6. Excessive sugar in the diet is a primary contributor to candidiasis (intestinal yeast overgrowth), which can lead to a host of health problems, including gastrointestinal disorders, asthma, bronchitis, sinusitis, allergies and chronic fatigue.

If you still feel a need to satisfy your sweet tooth, substitute modest amounts of pure honey or maple syrup to decrease the risk of these adverse effects.

11. Caffeine

While caffeine in moderation (200mg or less per day) is relatively safe, the regular consumption of greater amounts can result in elevated blood pressure; increased risk of cancer, heart disease and osteoporosis, poor sleep patterns, anxiety and irritability, dizziness, impaired circulation, urinary frequency and gastrointestinal disorders. Caffeine also causes loss of calcium from muscle cells and can interfere with the blood clotting process by decreasing platelet stickiness.

Taken in moderation, however, caffeine has been shown to enhance mental functioning, improve both alertness and mood, and reduce risk for gallstones, it appears that 200mg or less of caffeine per day may be safely tolerated by most individuals.

12. Salt

Salt is another ingredient that is far too prevalent in many diets, and it poses particular dangers for certain people who suffer from high blood pressure. Many of us have been conditioned since childhood to crave salt, but its overuse draws water into the bloodstream. This, in turn, increases blood volume, causing higher blood pressure levels. Too much salt also upsets the body’s sodium- potassium balance, thereby interfering with the lymphatic systems ability to draw waste away from the cells.

Original unprocessed salt consists of 84 naturally found trace elements absolutely necessary for the body.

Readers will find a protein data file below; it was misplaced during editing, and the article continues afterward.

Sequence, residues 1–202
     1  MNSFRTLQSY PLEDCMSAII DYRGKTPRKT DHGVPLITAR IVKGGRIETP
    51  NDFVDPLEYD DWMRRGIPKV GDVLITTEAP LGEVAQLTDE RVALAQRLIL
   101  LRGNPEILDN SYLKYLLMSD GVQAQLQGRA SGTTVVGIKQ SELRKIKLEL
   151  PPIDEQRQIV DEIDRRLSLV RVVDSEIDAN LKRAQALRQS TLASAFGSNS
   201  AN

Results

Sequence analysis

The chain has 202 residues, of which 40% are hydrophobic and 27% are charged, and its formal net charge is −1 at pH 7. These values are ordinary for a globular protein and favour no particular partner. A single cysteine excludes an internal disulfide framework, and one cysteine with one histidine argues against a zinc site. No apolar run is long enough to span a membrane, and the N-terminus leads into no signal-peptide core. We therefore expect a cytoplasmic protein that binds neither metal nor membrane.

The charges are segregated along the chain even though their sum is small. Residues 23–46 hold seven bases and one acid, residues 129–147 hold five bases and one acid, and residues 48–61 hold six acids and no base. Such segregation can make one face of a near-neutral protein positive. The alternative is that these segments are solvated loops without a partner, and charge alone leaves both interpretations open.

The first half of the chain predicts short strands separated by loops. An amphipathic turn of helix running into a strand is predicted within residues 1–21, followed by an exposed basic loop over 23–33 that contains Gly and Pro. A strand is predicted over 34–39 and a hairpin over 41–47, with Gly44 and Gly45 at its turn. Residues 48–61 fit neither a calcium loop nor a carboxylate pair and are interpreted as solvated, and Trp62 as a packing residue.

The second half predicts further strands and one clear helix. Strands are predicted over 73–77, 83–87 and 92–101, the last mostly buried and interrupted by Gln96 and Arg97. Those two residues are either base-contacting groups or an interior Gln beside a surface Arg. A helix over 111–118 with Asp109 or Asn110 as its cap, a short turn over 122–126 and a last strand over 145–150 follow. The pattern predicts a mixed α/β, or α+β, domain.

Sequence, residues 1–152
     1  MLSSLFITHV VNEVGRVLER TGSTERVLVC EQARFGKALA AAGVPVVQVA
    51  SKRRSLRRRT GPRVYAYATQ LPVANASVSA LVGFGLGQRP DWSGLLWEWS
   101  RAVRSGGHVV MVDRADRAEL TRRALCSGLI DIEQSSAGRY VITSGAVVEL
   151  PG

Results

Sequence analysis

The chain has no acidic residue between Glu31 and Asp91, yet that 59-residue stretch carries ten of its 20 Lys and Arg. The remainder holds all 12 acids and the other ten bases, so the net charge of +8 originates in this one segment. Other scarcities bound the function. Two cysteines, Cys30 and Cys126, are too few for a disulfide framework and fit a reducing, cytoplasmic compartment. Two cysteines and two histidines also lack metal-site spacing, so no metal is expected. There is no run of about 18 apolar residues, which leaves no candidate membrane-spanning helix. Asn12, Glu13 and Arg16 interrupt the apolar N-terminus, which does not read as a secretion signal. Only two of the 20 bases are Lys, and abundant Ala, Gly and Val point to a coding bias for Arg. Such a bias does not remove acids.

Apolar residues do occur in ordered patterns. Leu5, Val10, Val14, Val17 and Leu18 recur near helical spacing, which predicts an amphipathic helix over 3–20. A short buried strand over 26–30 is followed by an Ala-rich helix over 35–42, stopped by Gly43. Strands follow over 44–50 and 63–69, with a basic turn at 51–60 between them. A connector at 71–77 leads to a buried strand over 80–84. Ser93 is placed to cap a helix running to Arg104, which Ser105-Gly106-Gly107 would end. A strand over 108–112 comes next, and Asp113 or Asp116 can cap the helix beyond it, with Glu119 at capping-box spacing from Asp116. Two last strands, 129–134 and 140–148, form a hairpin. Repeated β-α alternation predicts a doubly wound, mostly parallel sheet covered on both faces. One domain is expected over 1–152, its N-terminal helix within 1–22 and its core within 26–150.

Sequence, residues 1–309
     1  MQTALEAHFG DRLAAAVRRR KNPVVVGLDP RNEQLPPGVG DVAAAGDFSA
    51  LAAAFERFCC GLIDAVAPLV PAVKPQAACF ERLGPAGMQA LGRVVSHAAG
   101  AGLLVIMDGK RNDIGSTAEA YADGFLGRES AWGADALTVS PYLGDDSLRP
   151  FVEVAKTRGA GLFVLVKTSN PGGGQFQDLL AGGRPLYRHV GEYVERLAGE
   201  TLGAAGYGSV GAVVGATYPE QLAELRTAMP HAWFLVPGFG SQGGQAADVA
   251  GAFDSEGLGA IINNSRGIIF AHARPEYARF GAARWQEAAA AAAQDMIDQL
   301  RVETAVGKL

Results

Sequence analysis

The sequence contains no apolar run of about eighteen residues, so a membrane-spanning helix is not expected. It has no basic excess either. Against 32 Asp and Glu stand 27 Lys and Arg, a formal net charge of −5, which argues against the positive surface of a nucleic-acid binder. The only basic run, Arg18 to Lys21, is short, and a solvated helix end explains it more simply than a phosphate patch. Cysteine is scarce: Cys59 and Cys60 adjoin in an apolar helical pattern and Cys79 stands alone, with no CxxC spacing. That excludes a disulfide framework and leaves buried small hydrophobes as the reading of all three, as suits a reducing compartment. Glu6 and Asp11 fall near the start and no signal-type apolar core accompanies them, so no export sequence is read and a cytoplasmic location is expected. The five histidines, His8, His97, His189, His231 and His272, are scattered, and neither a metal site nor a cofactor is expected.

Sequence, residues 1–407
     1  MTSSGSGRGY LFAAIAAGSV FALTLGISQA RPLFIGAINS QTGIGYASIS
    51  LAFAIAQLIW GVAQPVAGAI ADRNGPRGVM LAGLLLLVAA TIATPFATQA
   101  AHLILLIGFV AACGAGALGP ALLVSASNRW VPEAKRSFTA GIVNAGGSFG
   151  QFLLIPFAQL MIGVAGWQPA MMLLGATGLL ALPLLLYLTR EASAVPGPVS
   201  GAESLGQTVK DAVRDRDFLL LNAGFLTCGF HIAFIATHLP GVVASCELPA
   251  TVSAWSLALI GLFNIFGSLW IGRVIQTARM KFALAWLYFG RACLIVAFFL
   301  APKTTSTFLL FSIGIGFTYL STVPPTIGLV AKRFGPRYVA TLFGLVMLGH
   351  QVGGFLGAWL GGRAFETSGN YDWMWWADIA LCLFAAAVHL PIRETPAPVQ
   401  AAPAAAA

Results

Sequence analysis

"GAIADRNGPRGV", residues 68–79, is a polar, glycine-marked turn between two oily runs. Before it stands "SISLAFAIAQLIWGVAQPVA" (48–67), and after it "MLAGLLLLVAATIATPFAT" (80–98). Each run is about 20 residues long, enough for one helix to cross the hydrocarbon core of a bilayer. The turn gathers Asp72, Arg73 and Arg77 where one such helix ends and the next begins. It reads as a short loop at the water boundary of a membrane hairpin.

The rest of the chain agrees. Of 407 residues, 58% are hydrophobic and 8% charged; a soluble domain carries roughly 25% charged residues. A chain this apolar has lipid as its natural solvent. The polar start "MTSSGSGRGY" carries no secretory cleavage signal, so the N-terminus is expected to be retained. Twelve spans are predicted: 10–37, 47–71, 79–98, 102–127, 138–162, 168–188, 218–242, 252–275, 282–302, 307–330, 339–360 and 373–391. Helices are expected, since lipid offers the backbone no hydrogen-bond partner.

However, now common table salt is processed to which potassium and iodine are added to provide anti-goiter properties. Iodine, according to chemists is very chanchal and oxidizes immediately. The resulting salt is purple in colour, for whiteness bleach is added. For free flow it is coated with compounds such as sodium silicon aluminates. To stabilise this, simple sugar is added. Do we need the extra sugar with India fast becoming the diabetic capital of the world?

Adults as well as children, are at the risk of developing high blood pressure, obesity, degenerative diseases, cancer and cardiovascular disease because of the high levels of chemicals found in table salt.

Excessive salt is found in soft drinks, ketchups, cornflakes, cheese, namkeens, packaged foods, breads and biscuits. We can reduce the use of salt by adding foods to our diet that have natural salt content like carrots, cabbage, guava, bajra, cucumber, raddish, banana, fenugreek. Herbs, garlic and lime when sprinkled upon food reduces the need for salt, without distracting from the taste.

The wisest choice would be to opt for rock salt, sea salt and black salt. Table salt should not be on your table.

13. Water

Next o oxygen, water is our most essential nutrient, and drinking enough water to satisfy your body’s needs may be the simplest, least expensive self-help measure you can adopt to maintain your good health.

Our adult bodies are 60 to 70 percent water (an infant’s body is about 80 percent) and water is the medium through which every bodily function occurs. It is the basis of all body fluids, including blood, digestive juices, urine, lymph and perspiration, which explains why we would die within a few days without water.